Wednesday, February 27, 2013

Exploration of a Different Kind

My pal Laurie is a former expat (Libya, Japan, and Singapore to name a few) and intrepid traveler.  We've known each other for years and can often be found swapping stories about our various trips or talking about how we can save the world.  We both love volunteering (in fact, that's how we met), and planning our next adventure.  But every traveler has a transition period, and this is a post about a transition to permanence...and then moving back into transience.  Both are extraordinary places to explore...and this is Laurie's experience.

Transitionally,




                         Exploration of a Different Kind                            

By: Laurie Winfield

So in this series, we were asked to write about exploring.  Exploration is of course a very broad term.  In its most literal sense, it conjures up for me a picture of a Ponce de Leon or  Magellan type-guy with a funny hat, a fleet of ships and a faraway look in his eye.

But in reality, we are all explorers. A baby explores taking its first steps; an adolescent explores a first brush with intimacy; and a college student may go abroad for the first time to explore the world—a kind of modern-day Ponce de Leon with his parents’ debit card, a high-tech backpack and a supply of American condoms. As time goes on, divorces, diseases or general dissatisfaction may lead us to a more inward journey to discover a bit of ourselves we misplaced along the way.

I’m fairly sure that since the day I was born, or even before, I was meant to explore the world and its inhabitants, not in a scientific way but more in an anecdotal way. I am told that when I was a barefoot, tow headed, drawling five-year-old, I walked up to an aging great Aunt and told her I was going to be an international correspondent and travel to all the countries in the world. High and mighty words from an oil field kid in a small Texas town, no doubt.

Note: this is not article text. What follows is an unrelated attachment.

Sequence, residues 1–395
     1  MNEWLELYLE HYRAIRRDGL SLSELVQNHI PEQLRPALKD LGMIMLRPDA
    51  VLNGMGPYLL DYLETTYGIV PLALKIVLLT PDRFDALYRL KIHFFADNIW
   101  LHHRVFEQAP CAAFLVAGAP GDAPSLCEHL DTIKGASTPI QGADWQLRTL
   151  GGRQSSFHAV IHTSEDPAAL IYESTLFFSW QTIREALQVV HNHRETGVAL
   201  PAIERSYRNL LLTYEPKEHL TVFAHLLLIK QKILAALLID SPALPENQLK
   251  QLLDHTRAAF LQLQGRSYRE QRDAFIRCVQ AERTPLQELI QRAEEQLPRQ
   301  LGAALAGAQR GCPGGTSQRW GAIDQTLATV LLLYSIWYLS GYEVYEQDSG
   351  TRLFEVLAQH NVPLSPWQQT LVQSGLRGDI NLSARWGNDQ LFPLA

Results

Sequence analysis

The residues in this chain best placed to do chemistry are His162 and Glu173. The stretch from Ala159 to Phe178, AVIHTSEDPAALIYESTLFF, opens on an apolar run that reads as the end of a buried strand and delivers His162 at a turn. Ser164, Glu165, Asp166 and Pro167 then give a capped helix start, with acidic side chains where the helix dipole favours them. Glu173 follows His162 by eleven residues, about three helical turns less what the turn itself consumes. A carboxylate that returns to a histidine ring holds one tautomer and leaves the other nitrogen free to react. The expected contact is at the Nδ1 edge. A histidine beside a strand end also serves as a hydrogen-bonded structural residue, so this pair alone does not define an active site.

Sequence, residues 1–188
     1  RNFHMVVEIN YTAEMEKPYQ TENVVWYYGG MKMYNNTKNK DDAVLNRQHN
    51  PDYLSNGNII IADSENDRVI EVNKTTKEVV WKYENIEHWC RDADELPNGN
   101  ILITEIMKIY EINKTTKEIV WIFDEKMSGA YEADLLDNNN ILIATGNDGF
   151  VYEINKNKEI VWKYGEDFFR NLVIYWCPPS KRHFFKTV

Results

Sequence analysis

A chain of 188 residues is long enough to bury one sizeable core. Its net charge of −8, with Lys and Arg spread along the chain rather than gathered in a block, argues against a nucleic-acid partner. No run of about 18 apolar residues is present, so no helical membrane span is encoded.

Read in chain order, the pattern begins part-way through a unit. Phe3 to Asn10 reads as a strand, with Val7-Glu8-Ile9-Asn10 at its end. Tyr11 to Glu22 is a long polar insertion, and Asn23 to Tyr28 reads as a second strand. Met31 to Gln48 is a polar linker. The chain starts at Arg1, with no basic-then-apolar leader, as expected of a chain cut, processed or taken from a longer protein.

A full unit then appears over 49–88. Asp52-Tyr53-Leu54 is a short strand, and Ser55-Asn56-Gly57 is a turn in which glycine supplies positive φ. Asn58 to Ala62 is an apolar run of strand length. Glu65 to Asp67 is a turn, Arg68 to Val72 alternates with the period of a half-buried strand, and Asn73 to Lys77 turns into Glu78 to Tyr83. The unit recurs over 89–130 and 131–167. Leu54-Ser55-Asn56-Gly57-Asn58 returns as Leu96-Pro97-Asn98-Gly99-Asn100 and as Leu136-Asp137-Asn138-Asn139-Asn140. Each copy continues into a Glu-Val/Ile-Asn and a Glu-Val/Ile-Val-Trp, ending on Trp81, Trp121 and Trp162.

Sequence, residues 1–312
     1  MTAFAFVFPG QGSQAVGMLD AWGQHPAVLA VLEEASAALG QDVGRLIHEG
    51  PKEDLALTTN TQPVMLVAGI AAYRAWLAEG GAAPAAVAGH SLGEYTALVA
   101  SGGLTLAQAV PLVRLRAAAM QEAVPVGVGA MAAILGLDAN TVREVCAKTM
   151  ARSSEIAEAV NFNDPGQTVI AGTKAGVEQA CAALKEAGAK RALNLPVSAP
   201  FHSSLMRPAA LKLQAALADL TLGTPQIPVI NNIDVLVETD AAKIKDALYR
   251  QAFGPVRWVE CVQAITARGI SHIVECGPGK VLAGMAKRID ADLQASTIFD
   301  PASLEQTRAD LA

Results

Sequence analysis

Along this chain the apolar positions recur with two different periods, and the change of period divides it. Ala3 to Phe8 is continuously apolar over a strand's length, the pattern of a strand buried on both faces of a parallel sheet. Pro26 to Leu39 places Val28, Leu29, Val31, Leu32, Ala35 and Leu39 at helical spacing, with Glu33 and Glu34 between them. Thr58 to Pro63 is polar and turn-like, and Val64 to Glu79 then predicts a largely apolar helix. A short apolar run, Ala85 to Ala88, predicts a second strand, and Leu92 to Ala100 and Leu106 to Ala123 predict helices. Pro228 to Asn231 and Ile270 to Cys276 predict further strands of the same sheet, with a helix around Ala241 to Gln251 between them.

My parents unwittingly enabled that prediction to come true by moving the family to Libya and beyond during my childhood and teenage years, which fueled the fire for more work and travel abroad in my adult years. While I’m not an international correspondent, I do own a trench coat and I’m a communicator of sorts.  I haven’t been everywhere, to be sure, but tallying almost 40 countries isn’t  too shabby  for a girl who might have just as easily morphed into an early Honey Boo Boo.

My travels have not rendered riches--mostly just stories and the realization that there is nothing nearer Nirvana to me than sitting in a Croatian coffee shop, or a Spanish dive bar or a hotel lobby in Chiang Mai, listening to multiple languages and planning my next excursion. To some extent this touch with Nirvana has also been a curse. It has created both a yearning for roots and a disdain for being tied to one place or way of life. I have an early-ish memory of listening to the song “Brandy” on the short-wave radio in Tripoli and identifying both with Brandy’s yearning for a secure love and with her sailor’s notion that he could never give up the sea, even for love.

It was with trepidation that almost twelve years ago, I explored what I deemed to be settling down when I bought my first home. This is something I’d resisted for years in favor of keeping things boxed up and ready for the next adventure should it come along. Yet unpacking photo albums and all the things I had collected through the years was, in an odd way, a freeing experience. And becoming the Empress of my own little empire where I could decorate, cook, throw parties and plant a garden was as much of an adventure to me as hopping a plane to parts unknown. It helped me understand that finding a home and putting down roots didn’t have to be at odds with my inner Magellan.